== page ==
In a recent talk (video, text) Alain Badiou enumerated 4 traits of an absolute ontology: immobility, irreducibility, non-empiricity, and maximality. While orienting his explication of each trait towards his own mathematical version of absolute ontology, Badiou implicitly gives a very useful characterisation of alternative absolute ontologies, in particular of Graham Harman’s OOO.

1) Principle of immobility: change is unreal. The absolute realm of withdrawn real objects is immobile, unchanging. Time is not real, it ismerely the tension between sensual objects and sensual qualities.

real objects are in a sense outside time (GUERILLA METAPHYSICS, 215)

Temporal predicates, being sensual, have no application to real objects.

2) Principle of irreducibility and intelligibility: objects are irreducible, they are intelligible on the basis of nothing else than themselves. Objects occupy a middle ground between undermining (intelligibility in terms of atomic components, the scientific prejudice) and overmining (intelligibility in terms of subsuming ensembles of qualities and relations, the humanistic prejudice).

objects cannot be reduced to anything else, and must be addressed by philosophy on their own terms (THE QUADRUPLE OBJECT, 138)

Objects are ontologically irreducible, and as such are the source of intelligibility for everything that exists:

the tensions between objects and their qualities and other objects can be used to account for anything else that exists (THE QUADRUPLE OBJECT, 138)

However, this view is itself a form of reductionism: the reduction of the world to objects, rather than to facts (Wittgenstein), events (Deleuze), or processes (Whitehead). One may call such objectal reduction meso-mining.

3) Principle of non-empiricity: real objects withdraw from all relation, and thus they withdraw from all experience. The real object is radically non-empirical.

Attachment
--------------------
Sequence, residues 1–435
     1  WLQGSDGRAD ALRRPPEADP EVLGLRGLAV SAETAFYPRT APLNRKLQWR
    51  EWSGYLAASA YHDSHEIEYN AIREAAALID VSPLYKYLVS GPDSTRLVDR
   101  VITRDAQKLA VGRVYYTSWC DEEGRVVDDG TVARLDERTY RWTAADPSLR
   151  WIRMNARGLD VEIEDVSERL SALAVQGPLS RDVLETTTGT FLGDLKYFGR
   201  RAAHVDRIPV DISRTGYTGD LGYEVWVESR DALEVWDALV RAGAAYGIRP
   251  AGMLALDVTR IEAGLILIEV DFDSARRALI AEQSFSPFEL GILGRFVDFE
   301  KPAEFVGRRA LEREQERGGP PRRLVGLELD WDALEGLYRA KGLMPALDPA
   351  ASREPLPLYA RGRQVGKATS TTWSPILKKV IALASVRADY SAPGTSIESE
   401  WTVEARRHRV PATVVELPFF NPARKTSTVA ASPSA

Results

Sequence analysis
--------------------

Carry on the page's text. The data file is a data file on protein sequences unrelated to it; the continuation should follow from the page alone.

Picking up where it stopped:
While there may be an infinity of objects in the cosmos, they come in only two kinds: the real object that withdraws from all experience, and the sensual object that exists only in experience. (THE QUADRUPLE OBJECT, 49)

The real object is invisible, untouchable, unknowable. It can be cognized neither by science nor by common sense nor by the humanities. It is only “accessible” indirectly, by artistic allusion and by intellectual intuition. The only method is intellectual intuition, the accession to this method requires a conversion experience, the conversion to the point of view of objectal reduction.

4) Principle of maximality: everything that exists, every entity, is an object. Everything is intelligible in terms of objects. This objectal point of view, or “naiveté”, is a sophisticated philosophical construct.

Instead of beginning with radical doubt, we start from naiveté. What philosophy shares with the lives of scientists, bankers, and animals is that all are concerned with objects. The exact meaning of “object” will be developed in what follows, and must include those entities that are neither physical nor even real (THE QUADRUPLE OBJECT, 5)